leaders of religious communities say that this provision is especially directed
against the Muslim minority. The reason for this opinion is that now it is
relatively easily for the Muslims to build a new mosque in areas in which the
members of the Turkish minority hold local power. If the building of new
mosques were to depend on the bureaucracy in Sofia it would be more
difficult to build a new mosque.
-Fifthly, although the draft says that different religious institutions are equal
before the law the Orthodox Church is given special preferences (Art. 8, para
2 declares: `State institutions shall support and pay special attention to Eastern
Orthodoxy as the traditional religious denomination of the Bulgarian nation.').
-Sixthly, it is impossible for a new religious group (for instance the
Unification Church or the Church of Scientology) to enter the country, as new
groups are not allowed to conduct their activities without permission. The new
group has to seek permission from the Religious Affairs Directorate and wait
until it gets it before conducting any public activity, otherwise it will be
subject to a heavy fine.
The draft was introduced into the National Assembly by the two deputies from
the ruling Union of Democratic Forces on 9 June and is expected to be
discussed this week. It would replace the Law on Denominations adopted in
1949 and still in force with modifications (Decision No. 5 of the
Constitutional Court adopted in June 1992 struck several articles from the
1949 law as unconstitutional). `In essence, the draft has been created by the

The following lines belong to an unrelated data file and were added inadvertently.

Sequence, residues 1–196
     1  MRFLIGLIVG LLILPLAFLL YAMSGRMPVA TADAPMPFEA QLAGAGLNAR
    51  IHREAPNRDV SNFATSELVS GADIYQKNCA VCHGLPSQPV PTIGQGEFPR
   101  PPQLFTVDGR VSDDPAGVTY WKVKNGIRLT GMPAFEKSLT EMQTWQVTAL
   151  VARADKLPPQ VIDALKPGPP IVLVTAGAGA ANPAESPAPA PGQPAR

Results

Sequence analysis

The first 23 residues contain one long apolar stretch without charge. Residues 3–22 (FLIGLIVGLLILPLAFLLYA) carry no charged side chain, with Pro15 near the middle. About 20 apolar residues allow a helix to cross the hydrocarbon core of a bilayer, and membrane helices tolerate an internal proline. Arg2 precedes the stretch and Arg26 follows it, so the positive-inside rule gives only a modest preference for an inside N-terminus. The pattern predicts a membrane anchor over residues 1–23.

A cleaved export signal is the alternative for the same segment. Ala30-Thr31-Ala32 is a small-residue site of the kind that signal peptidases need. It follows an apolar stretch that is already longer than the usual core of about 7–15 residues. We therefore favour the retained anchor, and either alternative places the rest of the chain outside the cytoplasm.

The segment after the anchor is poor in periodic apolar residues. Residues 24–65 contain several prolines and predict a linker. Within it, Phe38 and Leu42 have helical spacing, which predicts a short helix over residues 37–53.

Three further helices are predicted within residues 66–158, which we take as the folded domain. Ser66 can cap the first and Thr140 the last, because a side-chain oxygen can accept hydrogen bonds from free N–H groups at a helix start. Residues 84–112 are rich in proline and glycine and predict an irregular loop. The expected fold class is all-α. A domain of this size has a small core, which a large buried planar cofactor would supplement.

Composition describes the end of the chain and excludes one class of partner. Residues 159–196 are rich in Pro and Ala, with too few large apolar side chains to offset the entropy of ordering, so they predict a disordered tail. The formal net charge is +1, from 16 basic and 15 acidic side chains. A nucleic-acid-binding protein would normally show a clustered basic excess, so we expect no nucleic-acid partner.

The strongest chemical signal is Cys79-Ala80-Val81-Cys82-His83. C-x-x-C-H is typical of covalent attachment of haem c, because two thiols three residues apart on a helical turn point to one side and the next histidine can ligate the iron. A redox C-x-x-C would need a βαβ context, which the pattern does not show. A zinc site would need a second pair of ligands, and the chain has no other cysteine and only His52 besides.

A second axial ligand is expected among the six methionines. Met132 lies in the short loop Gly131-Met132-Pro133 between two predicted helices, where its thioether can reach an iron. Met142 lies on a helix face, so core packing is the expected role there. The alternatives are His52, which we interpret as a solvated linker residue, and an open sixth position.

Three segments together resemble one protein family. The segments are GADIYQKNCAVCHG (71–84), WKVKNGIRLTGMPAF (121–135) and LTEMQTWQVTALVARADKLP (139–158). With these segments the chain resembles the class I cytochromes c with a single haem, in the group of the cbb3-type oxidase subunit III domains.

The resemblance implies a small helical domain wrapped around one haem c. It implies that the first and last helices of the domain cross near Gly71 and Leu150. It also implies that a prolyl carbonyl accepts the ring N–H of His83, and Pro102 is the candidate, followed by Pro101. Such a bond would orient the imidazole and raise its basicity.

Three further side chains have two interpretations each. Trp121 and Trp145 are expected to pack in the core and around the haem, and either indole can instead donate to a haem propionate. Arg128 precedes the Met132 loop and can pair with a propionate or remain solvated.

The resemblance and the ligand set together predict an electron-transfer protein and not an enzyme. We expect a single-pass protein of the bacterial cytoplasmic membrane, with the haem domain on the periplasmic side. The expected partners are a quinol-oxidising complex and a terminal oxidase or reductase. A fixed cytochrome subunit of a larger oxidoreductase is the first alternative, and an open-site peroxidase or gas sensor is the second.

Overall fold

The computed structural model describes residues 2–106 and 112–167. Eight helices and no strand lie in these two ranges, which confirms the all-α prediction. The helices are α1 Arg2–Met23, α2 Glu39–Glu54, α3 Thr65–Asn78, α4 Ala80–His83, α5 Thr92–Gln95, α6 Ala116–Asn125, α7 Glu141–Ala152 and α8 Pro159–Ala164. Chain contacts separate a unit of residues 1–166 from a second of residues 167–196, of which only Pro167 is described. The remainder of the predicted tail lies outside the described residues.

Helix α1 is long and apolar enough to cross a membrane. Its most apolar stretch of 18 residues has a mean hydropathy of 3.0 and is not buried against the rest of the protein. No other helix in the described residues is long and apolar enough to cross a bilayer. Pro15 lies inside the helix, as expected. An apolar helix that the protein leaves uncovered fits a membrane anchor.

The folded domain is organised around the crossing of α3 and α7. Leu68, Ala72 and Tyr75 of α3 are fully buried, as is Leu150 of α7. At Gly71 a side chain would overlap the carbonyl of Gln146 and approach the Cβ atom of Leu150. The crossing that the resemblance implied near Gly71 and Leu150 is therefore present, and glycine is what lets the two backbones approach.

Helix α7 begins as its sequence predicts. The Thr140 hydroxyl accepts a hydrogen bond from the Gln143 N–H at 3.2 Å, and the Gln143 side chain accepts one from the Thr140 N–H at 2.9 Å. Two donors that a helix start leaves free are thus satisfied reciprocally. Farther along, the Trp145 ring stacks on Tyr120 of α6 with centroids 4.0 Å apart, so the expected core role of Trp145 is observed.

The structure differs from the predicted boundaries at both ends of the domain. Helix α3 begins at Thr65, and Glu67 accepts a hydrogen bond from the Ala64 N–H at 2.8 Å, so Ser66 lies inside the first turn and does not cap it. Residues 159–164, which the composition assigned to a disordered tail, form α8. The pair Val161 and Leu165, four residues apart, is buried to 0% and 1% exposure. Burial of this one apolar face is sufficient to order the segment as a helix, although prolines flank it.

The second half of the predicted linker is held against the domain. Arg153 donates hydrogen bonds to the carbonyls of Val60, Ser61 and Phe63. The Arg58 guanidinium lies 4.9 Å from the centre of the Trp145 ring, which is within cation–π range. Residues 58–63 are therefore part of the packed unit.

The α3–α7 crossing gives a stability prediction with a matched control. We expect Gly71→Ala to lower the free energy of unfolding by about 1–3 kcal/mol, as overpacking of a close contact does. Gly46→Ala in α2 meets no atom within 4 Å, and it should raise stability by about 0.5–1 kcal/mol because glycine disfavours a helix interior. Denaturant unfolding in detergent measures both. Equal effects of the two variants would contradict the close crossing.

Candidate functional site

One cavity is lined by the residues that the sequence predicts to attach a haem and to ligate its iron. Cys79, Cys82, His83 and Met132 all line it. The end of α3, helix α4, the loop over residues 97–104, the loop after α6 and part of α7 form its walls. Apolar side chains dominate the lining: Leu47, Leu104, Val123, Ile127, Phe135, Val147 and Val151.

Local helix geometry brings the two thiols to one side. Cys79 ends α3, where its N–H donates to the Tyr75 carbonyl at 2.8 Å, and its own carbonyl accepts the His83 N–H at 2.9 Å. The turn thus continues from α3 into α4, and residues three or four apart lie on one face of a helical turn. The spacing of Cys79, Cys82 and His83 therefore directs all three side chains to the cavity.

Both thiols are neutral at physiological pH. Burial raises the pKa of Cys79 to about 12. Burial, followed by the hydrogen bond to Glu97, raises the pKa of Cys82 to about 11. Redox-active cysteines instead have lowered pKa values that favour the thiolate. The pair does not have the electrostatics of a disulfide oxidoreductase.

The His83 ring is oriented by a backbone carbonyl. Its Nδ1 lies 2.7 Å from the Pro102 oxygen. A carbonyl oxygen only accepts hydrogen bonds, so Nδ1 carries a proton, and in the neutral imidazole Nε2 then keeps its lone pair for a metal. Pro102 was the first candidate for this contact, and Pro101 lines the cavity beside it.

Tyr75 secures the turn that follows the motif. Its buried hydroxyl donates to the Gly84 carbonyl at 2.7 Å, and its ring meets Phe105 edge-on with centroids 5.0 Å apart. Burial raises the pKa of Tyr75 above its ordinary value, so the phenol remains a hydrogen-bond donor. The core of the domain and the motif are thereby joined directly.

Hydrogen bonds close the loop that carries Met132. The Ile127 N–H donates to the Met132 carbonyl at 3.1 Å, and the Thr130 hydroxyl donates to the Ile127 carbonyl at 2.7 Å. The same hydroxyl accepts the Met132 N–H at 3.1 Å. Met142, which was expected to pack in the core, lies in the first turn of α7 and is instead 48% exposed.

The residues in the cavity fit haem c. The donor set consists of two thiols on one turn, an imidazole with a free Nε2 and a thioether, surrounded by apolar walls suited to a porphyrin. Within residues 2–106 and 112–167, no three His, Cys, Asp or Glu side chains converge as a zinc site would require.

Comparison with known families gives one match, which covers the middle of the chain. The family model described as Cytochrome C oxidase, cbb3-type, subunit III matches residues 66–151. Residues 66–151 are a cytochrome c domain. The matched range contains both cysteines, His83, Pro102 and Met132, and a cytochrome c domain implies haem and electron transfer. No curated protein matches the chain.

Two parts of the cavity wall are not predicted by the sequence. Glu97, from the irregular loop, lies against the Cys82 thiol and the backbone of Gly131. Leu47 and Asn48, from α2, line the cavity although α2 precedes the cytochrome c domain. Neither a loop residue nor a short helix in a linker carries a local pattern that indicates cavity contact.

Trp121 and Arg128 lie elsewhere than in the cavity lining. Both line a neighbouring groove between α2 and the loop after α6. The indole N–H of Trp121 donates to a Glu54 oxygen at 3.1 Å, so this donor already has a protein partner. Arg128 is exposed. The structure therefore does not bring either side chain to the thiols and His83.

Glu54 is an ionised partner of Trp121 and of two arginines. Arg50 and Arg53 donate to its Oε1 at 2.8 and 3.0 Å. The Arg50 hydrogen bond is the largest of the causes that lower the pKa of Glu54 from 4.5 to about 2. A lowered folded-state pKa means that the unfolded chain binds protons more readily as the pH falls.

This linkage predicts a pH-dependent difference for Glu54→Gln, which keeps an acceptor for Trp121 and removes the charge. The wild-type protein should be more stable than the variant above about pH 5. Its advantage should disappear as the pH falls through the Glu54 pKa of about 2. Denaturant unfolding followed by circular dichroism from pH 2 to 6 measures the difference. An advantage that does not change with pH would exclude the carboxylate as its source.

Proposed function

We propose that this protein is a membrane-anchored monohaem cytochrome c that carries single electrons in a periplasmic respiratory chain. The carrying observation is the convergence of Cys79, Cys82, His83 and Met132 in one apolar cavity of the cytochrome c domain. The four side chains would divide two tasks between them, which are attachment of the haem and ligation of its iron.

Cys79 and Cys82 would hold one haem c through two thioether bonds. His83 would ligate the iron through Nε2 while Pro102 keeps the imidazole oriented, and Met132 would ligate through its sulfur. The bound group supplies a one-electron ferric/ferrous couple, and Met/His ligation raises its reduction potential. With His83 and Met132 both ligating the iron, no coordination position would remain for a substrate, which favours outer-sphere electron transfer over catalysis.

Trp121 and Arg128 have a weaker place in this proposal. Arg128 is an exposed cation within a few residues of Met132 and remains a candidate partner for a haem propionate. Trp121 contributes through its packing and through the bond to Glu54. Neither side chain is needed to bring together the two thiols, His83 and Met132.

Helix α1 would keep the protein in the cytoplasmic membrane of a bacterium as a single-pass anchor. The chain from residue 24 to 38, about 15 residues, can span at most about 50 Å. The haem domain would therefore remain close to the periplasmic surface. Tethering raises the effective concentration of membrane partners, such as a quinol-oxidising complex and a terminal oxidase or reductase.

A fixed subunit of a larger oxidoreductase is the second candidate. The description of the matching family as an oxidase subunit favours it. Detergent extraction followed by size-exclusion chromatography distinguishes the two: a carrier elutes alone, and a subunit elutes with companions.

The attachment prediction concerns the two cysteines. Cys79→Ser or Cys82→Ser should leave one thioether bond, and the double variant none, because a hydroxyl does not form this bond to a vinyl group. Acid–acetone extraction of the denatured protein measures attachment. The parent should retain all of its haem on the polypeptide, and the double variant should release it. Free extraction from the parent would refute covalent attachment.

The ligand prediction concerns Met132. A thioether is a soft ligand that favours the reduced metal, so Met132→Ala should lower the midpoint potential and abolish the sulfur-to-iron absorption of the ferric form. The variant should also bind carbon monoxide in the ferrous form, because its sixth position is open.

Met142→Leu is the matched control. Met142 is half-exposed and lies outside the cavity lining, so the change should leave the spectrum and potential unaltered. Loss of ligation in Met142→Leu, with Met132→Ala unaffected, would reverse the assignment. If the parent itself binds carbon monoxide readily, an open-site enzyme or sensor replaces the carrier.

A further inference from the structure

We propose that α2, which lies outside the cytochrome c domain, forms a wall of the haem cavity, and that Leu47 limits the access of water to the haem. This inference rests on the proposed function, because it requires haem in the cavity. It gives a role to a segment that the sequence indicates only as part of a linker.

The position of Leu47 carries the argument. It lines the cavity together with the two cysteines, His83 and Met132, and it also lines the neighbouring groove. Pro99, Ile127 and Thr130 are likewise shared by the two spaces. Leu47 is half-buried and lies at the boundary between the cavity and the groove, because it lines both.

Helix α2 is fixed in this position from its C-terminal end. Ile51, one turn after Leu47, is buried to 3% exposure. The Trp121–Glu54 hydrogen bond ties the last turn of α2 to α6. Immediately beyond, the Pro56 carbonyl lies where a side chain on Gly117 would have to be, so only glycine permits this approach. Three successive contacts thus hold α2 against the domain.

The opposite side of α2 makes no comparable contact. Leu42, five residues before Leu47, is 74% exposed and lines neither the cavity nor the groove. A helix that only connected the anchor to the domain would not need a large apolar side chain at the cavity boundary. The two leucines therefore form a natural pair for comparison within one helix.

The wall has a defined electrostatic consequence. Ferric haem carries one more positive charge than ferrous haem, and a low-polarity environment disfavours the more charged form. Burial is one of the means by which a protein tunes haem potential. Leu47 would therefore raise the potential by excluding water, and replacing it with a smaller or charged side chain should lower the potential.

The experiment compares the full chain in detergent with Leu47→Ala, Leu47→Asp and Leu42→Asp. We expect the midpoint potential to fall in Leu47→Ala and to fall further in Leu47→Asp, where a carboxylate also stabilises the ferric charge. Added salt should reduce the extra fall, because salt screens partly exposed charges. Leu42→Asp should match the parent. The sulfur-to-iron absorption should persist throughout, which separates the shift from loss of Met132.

officials of the Religious Affairs Directorate,' Cohen asserts.
There are two other draft laws on religion under consideration by parliament,
both of which were discussed at the end of June. One was introduced by the
main opposition party, the Bulgarian Socialist Party (the former communists),
and the other by the small ultra-nationalist party VMRO (Internal Macedonian
Revolutionary Organisation) which is a member of the ruling coalition. The
Commission on Religion and Human Rights has now to decide which draft to
support or whether to combine elements from all three drafts in a new text.
Any draft approved by the Commission would then be brought before the full
National Assembly, where it would need two readings before becoming law.
`I think that the government has supported the draft of the two deputies from
the ruling party,' says Cohen. `On the other hand there are signs that the
advisors of our President are not satisfied by the draft and it is possible that
they will try to put pressure on the Commission in order to delay the final
approval of this draft. The goal of some of them is the adoption of a new law
that will be more liberal than this draft.'
Nevertheless, the Tolerance Foundation remains concerned about the
outcome. `The speed under which discussion of the draft is proceeding
provokes anxiety among a lot of the leaders of minority religious groups as
well as among human rights activists.' And Cohen adds: `This draft shows us
that although the present administration has done a lot to improve the situation
over religious human rights in Bulgaria, the desire of the State to dominate
religious groups is still alive.' (END).